Quick Links

NHL Power Rankings: Orpik's health looms large as deadline nears


NHL Power Rankings: Orpik's health looms large as deadline nears

The NHL trade deadline is Feb. 29 which means general managers all over the NHL are hard at work trying to either make their teams better for a playoff run or strip their rosters bare for a future rebuild. For the Caps, there's a $5.5 million gorilla in the room that will determine what if anything the Caps intend to do at the deadline.

Brooks Orpik has not played since November due to a lower-body injury. It is believed that he is finally nearing his return and could be back in the lineup as early as Tuesday and the sooner the better for the Caps as his health will essentially determine general manager Brian MacLellan's deadline plan.

The Caps are deep at the forward position with plenty of depth in both the top and bottom six thanks to the addition of Mike Richards and Jay Beagle's pending return. But what about the defense?


If Orpik isn't ready at all, or returns and immediately suffers a setback and has to return to IR, MacLellan can be aggressive at the deadline and try to find a top four defenseman. A top four defenseman means a bigger cap hit, but this doesn't mean Orpik has to sit out of the playoffs. If he does return to health after the deadline has passed, the Caps could simply wait to activate him in the postseason after the salary cap ceiling no longer applies.

If Orpik returns and doesn't feel 100 percent or needs some time to get back into game shape, then MacLellan would have to approach the trade deadline a bit more cautiously. The choices here would be a bit more limited given Orpik's contract would be back on the books and the Caps would have to do some number crunching to add someone new to the lineup which means it would have to be a depth player.

Or MacLellan could do nothing.

If Orpik is healthy he may not return immediately to the top pairing, but it seems safe to assume the Caps' top six would be some combination of Orpik, John Carlson, Karl Alzner, Matt Niskanen, Nate Schmidt and Dmitry Orlov with Taylor Chorney as a healthy scratch. Given how well both Orlov and Schmidt have played this season and how well Chorney acquitted himself in Orpik's absence, the Caps could feel comfortable with those seven defensemen heading into the playoffs. MacLellan could inquire about adding depth, but there's no reason to reach or overpay for anyone.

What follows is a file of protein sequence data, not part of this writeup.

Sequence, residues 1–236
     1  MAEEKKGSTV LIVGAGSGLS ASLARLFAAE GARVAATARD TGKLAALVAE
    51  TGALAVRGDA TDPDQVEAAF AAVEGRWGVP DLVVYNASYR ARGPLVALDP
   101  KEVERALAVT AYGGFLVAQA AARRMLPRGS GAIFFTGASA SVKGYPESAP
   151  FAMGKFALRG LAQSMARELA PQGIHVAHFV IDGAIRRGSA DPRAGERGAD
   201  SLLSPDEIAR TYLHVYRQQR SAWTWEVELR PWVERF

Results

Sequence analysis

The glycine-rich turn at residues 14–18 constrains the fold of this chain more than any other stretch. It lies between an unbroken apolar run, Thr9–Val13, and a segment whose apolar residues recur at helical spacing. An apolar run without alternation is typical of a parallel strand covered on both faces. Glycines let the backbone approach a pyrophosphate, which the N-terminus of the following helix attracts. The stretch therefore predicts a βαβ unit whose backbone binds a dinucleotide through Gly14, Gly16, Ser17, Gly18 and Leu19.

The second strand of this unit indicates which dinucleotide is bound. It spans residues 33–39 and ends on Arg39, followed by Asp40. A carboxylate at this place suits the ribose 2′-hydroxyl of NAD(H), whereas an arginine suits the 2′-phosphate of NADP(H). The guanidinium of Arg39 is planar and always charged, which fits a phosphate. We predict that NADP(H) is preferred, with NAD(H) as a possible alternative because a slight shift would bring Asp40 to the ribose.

With Orpik nearing his return, the Caps have the flexibility to let the trade deadline pass them by as they continue to be one of the top teams in the NHL even without him. Just how good have they been?  Find out here in this week's NHL Power Rankings.

Quick Links

Niskanen takes the blame for all three Lightning goals

Niskanen takes the blame for all three Lightning goals

There was no tougher critic on Matt Niskanen’s Game 5 performance on Saturday than Niskanen himself.

Niskanen and his defensive partner, Dmitry Orlov, were on the ice for all three of the Tampa Bay Lightning’s three goals in the Capitals’ 3-2 loss. That was striking given the Orlov-Niskanen duo is typically Washington’s best defensive pair.

That was not the case on Saturday and Niskanen took full responsibility afterward.

“First three goals are all my fault,” Niskanen said. “I had a tough first 20:30 so I've got to be better next game.”

Pretty much no one played the first goal right.

The goal came just 19 seconds into the game. Orlov turned the puck over in the neutral zone and Evgeny Kuznetsov looked like he could have gotten the puck, but instead played the body of Cedric Paquette. Niskanen stepped up at the blue line, but the Lightning got the puck past him creating a short rush that beat Braden Holtby who was way too far back in the crease.